|Hole #6 is a very short par 4. I birdied it Monday thanks to an ugly|
approach shot that still rolled to five feet from the hole.
The Old Siasconset Golf Club is said to be the oldest non-municipal public golf course in the nation, though it hasn’t been in continuous operation all that time. It opened in 1894, and some parts of the original course remain. Sabers and I get a few rounds on it every summer.
This may be the closest any of us can come today to the golfing experience of a century ago. No carts, a simple clubhouse, and a golf links in its natural state.
The routing has changed over the years as a result of land sales and such circumstances, but the oddity of three par-3s of 200 yards or more, a couple of par-4s under 300, and a dogleg par-5 where the short shot is the one off the tee speak to this course’s time. Meanwhile, the winds make every hole play differently from day to day. From the tee of #8 Saturday with the wind at my back and a firm fairway with very short grass, I hit a three-iron about 250 yards. Monday, the wind was in the other direction, knocking down my four-iron to where it barely cleared the red tees 120 yards out.
I imagine it’s like Muirfield with long rough waving at you and the wind blowing a different direction every hole. On paper, it should be an easy course; but if you insist on playing the way you would at home, she will not bend. The firm conditions and tight lies gave me fits at first, causing me to leave approaches long and chips short, but Monday I resolved to listen to the course. I kept the ball in the fairway (most of the time), played bump-and-runs, and had a much more successful day.
I suppose you could make an analogy here: American cryptics are the kind of golf courses where yardages are marked on sprinkler heads and you expect balls to stay on the green when they land there. This course and its Scottish counterparts are like British cryptics (and some The Nation puzzles): the clubs, the balls, and the rules are the same as on our side of the ocean, but the land is naturally uneven and yes, sometimes unfair. You need creativity to conquer it, as well as a sound golf/puzzling game.
The New York Times puzzle (behind the paywall) is a themed diagramless by Joe Fagliano. If you need the solution, it’s posted here.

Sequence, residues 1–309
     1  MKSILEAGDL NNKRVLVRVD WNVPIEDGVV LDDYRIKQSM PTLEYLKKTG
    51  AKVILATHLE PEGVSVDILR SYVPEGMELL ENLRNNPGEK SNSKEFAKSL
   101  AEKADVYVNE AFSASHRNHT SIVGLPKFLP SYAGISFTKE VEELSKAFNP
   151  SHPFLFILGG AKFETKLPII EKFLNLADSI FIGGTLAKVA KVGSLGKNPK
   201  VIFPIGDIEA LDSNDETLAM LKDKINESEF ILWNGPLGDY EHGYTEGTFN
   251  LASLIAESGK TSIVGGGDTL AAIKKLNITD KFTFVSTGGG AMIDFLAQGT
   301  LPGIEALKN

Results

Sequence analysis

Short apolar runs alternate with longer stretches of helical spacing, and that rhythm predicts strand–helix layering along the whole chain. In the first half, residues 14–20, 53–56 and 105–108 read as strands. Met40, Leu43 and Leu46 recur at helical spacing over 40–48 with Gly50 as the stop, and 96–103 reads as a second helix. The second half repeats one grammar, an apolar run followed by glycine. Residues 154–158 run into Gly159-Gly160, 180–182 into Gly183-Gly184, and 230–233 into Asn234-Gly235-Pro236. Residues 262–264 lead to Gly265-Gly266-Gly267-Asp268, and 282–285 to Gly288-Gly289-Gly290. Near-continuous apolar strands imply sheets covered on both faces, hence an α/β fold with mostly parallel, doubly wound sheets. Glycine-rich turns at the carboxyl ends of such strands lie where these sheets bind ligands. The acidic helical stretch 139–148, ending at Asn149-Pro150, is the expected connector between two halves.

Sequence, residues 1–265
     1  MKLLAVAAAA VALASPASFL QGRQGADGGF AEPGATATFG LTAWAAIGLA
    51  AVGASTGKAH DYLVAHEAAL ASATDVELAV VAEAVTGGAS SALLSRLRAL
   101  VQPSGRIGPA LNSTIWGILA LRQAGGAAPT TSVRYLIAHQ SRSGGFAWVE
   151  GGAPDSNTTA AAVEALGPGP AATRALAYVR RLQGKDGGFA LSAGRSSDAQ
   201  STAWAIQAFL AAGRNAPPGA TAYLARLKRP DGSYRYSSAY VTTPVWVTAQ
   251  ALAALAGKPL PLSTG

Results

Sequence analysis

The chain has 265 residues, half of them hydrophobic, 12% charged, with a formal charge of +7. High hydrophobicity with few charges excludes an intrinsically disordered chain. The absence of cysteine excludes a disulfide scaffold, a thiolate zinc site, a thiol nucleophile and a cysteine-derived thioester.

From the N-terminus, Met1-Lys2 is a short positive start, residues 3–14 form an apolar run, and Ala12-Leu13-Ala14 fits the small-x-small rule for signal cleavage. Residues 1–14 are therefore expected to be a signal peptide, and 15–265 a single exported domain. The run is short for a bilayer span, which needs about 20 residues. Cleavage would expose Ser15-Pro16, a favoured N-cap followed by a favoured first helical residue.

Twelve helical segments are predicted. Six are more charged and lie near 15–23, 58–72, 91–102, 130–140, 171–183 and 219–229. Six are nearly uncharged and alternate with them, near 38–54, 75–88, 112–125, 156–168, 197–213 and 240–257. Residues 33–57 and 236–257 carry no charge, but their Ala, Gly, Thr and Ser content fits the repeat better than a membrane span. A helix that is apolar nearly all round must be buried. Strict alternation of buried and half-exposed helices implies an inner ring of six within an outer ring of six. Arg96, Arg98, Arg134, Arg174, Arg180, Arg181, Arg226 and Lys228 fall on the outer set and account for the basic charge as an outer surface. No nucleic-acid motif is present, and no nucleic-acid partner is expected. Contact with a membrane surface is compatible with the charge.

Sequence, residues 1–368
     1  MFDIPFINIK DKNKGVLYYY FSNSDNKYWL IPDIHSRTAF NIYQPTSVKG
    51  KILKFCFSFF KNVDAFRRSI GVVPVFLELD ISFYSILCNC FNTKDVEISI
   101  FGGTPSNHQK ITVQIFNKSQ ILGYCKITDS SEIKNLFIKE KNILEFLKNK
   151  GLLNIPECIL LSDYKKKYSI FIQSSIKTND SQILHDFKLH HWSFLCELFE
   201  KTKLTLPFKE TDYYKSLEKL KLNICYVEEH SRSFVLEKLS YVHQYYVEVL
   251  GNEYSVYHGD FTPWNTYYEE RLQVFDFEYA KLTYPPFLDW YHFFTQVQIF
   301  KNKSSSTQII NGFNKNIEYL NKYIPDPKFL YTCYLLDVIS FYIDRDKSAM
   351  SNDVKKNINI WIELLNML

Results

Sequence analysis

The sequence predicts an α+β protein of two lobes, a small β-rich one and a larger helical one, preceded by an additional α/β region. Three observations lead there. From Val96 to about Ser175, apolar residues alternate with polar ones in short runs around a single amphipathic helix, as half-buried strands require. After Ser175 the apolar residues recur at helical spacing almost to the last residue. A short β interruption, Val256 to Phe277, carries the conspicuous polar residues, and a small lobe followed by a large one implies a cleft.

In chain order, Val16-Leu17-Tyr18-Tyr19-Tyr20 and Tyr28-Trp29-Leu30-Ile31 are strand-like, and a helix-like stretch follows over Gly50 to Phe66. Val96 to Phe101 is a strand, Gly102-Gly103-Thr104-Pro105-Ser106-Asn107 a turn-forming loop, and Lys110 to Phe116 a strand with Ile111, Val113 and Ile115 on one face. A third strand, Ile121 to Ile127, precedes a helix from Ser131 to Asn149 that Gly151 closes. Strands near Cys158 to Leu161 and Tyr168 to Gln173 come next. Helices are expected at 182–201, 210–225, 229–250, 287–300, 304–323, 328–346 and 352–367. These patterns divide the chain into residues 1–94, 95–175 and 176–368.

The Wall Street Journal has a novel variety puzzle by Patrick Berry (who else?) called Belt Line. Some found it hard, others found it easy. The starting points of the horizontal belts are shown on the grid, but you’re on your own for the verticals and for all the enumerations. I didn’t get much of a start from the horizontals (you can place the first and last words in each belt using the given start points), but I had a lot of the verticals, so I eventually just took the plunge and put a few of the verticals where I thought they belonged. I had to erase a couple of the initial guesses, but it was enough to get a couple more horizontal words, and it was really enjoyable to see the grid fill up from there. If you’re still stuck, a hint grid is posted, along with enumerations.
Hex’s block cryptic in the National Post is blogged by Falcon. I didn’t see the theme, but I found it more difficult than the usual National Post cryptic. Falcon wrestled with it too, and in the process found the theme.
Xanthippe has taken the week off after leaving us with such riches the past month.
Nathan Curtis’s weekly variety puzzle should be up later today. [update: and here it is... It’s a puzzle type I haven’t seen before: another variation on the Marching Bands called “Four Winds.” The good thing about this is that the answers in the spirals are clued in random order, making this more of a challenge than the average Marching Bands. Drop over and send some encouragement if you liked it.]
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